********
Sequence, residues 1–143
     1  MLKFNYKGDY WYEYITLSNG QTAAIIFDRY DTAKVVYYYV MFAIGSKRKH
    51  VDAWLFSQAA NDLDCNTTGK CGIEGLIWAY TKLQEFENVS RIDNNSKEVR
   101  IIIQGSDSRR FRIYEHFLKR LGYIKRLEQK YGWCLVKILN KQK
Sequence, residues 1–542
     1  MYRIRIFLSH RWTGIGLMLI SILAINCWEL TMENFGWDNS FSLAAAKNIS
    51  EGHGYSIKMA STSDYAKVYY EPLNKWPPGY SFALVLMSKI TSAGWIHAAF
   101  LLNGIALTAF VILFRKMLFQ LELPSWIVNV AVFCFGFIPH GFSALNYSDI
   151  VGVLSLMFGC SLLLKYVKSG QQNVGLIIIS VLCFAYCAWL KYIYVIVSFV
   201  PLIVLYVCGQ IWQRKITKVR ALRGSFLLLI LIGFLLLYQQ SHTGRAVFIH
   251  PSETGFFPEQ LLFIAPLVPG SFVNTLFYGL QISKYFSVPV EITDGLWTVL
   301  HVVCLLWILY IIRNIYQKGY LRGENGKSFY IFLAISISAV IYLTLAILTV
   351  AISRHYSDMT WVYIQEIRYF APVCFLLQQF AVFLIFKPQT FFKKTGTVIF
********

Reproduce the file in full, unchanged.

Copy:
Sequence, residues 1–143
     1  MLKFNYKGDY WYEYITLSNG QTAAIIFDRY DTAKVVYYYV MFAIGSKRKH
    51  VDAWLFSQAA NDLDCNTTGK CGIEGLIWAY TKLQEFENVS RIDNNSKEVR
   101  IIIQGSDSRR FRIYEHFLKR LGYIKRLEQK YGWCLVKILN KQK
Sequence, residues 1–542
     1  MYRIRIFLSH RWTGIGLMLI SILAINCWEL TMENFGWDNS FSLAAAKNIS
    51  EGHGYSIKMA STSDYAKVYY EPLNKWPPGY SFALVLMSKI TSAGWIHAAF
   101  LLNGIALTAF VILFRKMLFQ LELPSWIVNV AVFCFGFIPH GFSALNYSDI
   151  VGVLSLMFGC SLLLKYVKSG QQNVGLIIIS VLCFAYCAWL KYIYVIVSFV
   201  PLIVLYVCGQ IWQRKITKVR ALRGSFLLLI LIGFLLLYQQ SHTGRAVFIH
   251  PSETGFFPEQ LLFIAPLVPG SFVNTLFYGL QISKYFSVPV EITDGLWTVL
   301  HVVCLLWILY IIRNIYQKGY LRGENGKSFY IFLAISISAV IYLTLAILTV
   351  AISRHYSDMT WVYIQEIRYF APVCFLLQQF AVFLIFKPQT FFKKTGTVIF